What is the Social Ecological Approach to Understanding Obesity?

Jun 22 / Sudipta Nandi
Urie Bronfenbrenner’s "Ecological Systems Theory" explores a theoretical foundation of multiple, multilevel interconnected settings or conditions that authorises human development and behavioural actions. The theory deduces that varying magnitudes of environmental diversity have different individual impacts, and those impacts govern individual interactive attitudes and evolutions in their lifespan.
Bronfenbrenner finds the significance of studying the ecological background of human physiological and psychological functioning to better understand developmental complexity.

Social Ecological Theory and Obesity

Bronfenbrenner’s theory or the “Social-Ecological Theory” is employed to interpret obesity because its theoretical architecture can effectively investigate various dimensions and complexities of obesity.

Recent literature reviews demonstrate that the theory tends to identify hierarchical interactional factors within socioecological systems which play a part in the prevalence and development of obesity. The ladders of a wide array of systems and levels in this theory determine the combined links between individual and environmental attitudes toward obesity.


This deepest or innermost layer of ecological systems deals with direct and immediate interactional environments surrounding individuals. For instance, family, peers, school, neighbours, and other major connections are included in this layer. As the microsystem involves the highest personified head-on interactions and experiences, therefore, it offers the most urgent and direct impact on individual growth.

Evidently, the microsystem dominates dietary and fitness behavior, and the preference to live inactively. So, family meal models, parent, and peer support types control healthy or unhealthy behaviours, influencing the risks of obesity.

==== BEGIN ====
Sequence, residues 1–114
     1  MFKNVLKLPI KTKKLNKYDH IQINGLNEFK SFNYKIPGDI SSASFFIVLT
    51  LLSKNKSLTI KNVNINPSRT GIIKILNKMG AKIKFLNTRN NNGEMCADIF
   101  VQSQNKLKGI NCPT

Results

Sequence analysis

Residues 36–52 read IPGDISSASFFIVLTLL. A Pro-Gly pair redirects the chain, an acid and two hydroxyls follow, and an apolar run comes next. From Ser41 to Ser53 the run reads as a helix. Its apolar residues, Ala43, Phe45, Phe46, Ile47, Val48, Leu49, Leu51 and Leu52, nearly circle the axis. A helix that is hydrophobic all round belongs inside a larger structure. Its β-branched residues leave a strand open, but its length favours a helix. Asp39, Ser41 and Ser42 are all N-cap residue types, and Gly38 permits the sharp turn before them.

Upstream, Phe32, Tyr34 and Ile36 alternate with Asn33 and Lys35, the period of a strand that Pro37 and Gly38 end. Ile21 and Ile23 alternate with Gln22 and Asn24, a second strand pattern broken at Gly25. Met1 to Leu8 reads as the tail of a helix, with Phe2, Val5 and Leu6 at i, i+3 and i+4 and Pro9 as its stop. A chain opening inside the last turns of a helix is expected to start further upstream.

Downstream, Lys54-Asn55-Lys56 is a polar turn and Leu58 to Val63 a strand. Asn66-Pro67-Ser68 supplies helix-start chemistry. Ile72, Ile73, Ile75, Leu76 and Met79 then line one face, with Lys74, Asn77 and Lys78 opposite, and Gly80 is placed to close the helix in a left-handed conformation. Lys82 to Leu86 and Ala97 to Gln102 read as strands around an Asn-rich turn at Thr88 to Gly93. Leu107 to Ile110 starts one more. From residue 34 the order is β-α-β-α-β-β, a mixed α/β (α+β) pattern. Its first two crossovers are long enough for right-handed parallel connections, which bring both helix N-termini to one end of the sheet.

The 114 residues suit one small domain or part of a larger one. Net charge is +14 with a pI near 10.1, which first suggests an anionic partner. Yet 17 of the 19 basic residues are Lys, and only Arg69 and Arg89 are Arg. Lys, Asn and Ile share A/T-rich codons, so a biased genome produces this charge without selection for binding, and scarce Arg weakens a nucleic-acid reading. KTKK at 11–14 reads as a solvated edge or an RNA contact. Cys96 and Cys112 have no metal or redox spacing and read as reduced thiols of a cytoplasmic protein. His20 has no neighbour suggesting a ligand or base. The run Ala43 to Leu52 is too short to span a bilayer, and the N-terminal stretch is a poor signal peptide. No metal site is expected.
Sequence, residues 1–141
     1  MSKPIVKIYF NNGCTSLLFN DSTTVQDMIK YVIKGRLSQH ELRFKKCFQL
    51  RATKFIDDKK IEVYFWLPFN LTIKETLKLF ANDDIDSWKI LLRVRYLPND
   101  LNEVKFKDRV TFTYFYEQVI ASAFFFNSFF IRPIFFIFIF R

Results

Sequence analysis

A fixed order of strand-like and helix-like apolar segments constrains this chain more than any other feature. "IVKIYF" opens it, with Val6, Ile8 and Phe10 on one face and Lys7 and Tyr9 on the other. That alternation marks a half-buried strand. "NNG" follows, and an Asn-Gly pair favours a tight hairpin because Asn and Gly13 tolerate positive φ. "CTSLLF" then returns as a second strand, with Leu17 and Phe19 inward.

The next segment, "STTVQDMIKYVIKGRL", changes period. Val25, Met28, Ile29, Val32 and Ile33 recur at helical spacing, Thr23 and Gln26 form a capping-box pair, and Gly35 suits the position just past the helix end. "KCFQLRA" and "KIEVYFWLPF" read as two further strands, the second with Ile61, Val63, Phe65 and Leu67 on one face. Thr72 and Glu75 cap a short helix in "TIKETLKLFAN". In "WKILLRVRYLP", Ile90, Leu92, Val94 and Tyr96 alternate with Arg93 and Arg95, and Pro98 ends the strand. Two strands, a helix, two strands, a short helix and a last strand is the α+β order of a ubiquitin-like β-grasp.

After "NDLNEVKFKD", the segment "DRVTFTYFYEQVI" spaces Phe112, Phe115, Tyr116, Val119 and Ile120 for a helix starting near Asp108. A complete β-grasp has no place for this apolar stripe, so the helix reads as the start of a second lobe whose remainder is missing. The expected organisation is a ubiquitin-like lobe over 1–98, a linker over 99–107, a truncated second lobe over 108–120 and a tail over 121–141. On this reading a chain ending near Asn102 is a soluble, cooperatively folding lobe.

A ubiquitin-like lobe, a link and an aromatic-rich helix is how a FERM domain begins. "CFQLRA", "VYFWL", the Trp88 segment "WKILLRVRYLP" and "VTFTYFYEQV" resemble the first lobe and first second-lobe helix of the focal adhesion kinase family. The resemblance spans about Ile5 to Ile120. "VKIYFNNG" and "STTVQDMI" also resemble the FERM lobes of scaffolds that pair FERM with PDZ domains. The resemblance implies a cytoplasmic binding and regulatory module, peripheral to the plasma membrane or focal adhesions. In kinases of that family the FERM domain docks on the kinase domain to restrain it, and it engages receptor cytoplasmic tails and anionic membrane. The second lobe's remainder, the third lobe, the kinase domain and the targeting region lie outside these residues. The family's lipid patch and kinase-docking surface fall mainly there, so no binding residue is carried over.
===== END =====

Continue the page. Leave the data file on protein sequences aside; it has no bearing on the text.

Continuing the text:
Mesosystem combines various components of multiple microsystems. Relationships among various settings, such as family-school and personal-professional (work-family) are focused to explore the intersectional and influential properties of various microsystems.

So, family-school interactions can increase or decrease obesity risks because school activities like nutrition programs, fitness milestones, and school meal routines are major habit-forming actors.


The indirect or passive influencers for individual development are included in the Exosystem environments or settings. Although these influencers are not directly attached to daily activities, they exert pressure on individual surroundings. For example, multimedia, community resources, parents’ professional settings, and government policies may guide the microsystem to change experiences and growth patterns.

Accessibility to community resources like nutritious options in stores, availability of safe, affordable recreational grounds, and exposure to healthy, environment-friendly nutrition advertisements can significantly promote beneficial choices.


Macrosystem covers the extended socioeconomic and cultural boundaries surrounding individuals. So, ethical elements like societal values, norms, beliefs, cultural elements like customs and laws manage individual experiences within the macrosystem. That indicates socioeconomic status, political ideologies, and cultural traditions as major macrosystemic ingredients.
Perceptibly, macrosystem levels can extensively influence obesity threats as socioeconomic status, food values, food policies, and man-made landscapes are all macrosystemic subjects.


Chronosystem signifies the chronological pattern of evolution, taking account of developmental changes over time. So, the system consists of historical events like wars, economic changes, and personal transitions, such as life events, and relationship changes. As the system highlights dynamic developmental features, temporal requirements are highly considered.
Regarding obesity, the focus is on time-based development and factual backdrops. Accordingly, technological advancements, transformation of food production, supply, distribution, and the societal evolution of fitness modules can be major contributors to rising obesity rates in recent decades.

Social Ecological Theory and Interventions

Researchers and practitioners have a huge scope to develop comprehensive interventions of multifaceted influences applying the Social-Ecological lens on obesity. Policy implementations that improve accessibility, affordability, and availability of nutrients and fitness campaigns in schools and communities can be such interventions. Facilitation of supportive social environments also can promote appropriate health behaviors.
Finally, a precise analysis of individuals’ complex environmental exchanges is crucial to develop worthwhile preventive strategies for obesity.

Sudipta has been working as a scientific content writer for more than 7 years. She loves languages and has earned diploma certificates in Spanish and Russian. She is hard working and believes in honest communication.
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